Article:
slides2_1 - Consumers Want to prove similar theorems...

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Consumers Want to prove similar theorems. Outline: Preferences, utility Demand Slutsky equation Revealed preferences Slutksy equation with differentiability 1
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Binary relations For a given (abstract) set X , a binary relation P on X is defined as a subset P X × X , where ( x, y ) P if x and y are in relation P . We will also write xPy . Here are some properties a relation might (or might not) have reflexive: xPx for all x P symmetric: xPy implies yPx transitive: xPy and yPz implies xPz complete: xPy or yPx for all x, y X 2
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Preferences Write f instead of P . We write x f y if x is weakly preferred to y , i.e. ( x,y ) P . We say x y if x f y but not y f x and say that x is strictly preferred to y . Finally we write x y if x f y and y f x and say x and y are indifferent. We usually want to assume that our preference relation is complete and transitive. 3
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Utility We say a function u : X R is a utility function representing a preference relation f on X if u ( x ) u ( y ) x f y Note that for a given preference relation, there is never a unique utility function representing it. For any strictly increasing f : R R , if u ( . ) represents f , so does f ( u ( . )) 4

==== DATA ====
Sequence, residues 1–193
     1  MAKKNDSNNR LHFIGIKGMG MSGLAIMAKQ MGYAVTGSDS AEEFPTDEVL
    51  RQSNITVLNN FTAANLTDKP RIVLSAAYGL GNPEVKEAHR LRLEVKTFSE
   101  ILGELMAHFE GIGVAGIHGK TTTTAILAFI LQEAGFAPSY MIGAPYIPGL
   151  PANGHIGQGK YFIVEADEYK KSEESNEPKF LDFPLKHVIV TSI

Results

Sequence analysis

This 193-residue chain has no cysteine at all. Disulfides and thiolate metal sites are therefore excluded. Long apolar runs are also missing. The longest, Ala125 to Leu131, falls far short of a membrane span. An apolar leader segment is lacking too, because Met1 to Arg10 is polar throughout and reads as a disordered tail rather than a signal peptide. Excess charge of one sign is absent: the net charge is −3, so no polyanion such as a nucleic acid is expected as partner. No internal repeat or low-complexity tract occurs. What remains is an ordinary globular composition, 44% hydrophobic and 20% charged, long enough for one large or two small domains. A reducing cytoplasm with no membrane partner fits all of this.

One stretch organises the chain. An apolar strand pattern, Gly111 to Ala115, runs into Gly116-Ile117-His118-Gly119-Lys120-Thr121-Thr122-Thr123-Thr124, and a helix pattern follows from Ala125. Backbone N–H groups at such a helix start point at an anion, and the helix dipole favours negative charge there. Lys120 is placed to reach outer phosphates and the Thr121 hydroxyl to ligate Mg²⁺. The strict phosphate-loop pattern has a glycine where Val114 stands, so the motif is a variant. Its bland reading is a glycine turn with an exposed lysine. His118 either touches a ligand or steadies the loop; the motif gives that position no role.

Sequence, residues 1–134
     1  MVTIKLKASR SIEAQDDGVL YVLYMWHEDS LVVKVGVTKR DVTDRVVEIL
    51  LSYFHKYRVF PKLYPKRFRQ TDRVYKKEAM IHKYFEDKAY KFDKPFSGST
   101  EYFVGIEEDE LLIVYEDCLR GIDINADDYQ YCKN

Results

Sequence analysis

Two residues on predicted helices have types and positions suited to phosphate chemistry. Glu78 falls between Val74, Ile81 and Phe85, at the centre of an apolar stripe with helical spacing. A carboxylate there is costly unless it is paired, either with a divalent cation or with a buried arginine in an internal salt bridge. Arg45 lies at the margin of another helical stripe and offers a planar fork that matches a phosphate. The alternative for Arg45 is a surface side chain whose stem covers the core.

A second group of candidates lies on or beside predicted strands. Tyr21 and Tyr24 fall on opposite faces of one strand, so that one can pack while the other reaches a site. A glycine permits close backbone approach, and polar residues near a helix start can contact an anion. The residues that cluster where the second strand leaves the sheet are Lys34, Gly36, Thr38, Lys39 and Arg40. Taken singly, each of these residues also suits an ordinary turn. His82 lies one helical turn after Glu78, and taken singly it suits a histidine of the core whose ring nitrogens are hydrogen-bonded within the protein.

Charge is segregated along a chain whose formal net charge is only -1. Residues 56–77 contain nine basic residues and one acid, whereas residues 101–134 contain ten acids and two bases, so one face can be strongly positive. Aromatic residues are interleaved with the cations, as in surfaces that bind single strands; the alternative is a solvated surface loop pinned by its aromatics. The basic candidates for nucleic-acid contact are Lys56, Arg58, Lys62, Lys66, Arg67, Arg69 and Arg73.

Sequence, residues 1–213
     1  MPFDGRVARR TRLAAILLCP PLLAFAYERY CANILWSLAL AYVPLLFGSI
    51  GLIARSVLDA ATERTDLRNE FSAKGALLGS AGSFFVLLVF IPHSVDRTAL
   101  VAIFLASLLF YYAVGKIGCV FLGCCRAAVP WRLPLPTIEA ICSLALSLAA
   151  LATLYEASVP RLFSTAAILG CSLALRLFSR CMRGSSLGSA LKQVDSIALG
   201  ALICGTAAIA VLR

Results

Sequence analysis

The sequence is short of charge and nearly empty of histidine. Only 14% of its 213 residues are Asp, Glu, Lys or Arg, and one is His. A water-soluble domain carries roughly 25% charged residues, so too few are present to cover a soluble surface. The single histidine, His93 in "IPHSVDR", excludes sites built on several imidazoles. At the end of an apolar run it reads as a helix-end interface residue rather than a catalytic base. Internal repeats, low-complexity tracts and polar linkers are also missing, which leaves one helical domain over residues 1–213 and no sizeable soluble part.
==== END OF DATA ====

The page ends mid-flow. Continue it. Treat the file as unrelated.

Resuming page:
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Utility and preferences A preference relation can be represented by a utility function, only if it is complete and transitive. This is enough is choice set is finite. Here we are interested in X R L + . Need additional condition to guarantee exis- tence of utility function. 5
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Lexicographic preferences Suppose there are two goods. Suppose for x, y R 2 + , x f y if x 1 > y 1 or x 1 = y 1 and x 2 y 2 . This is known as lexicographic preferences. 6
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The preference relation f on X is continuous if for any sequence ( x n , y n ) in X × X , with x n f y n for all n , we have that if x n x and y n y , then x f y . Suppose that preferences are complete, transitive and continuous. Then there is a continuous utility function that represents them. 7
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This note was uploaded on 02/01/2011 for the course ECONOMY 6 taught by Professor Fallahi during the Spring '10 term at Cambridge.

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slides2_1 - Consumers Want to prove similar theorems...

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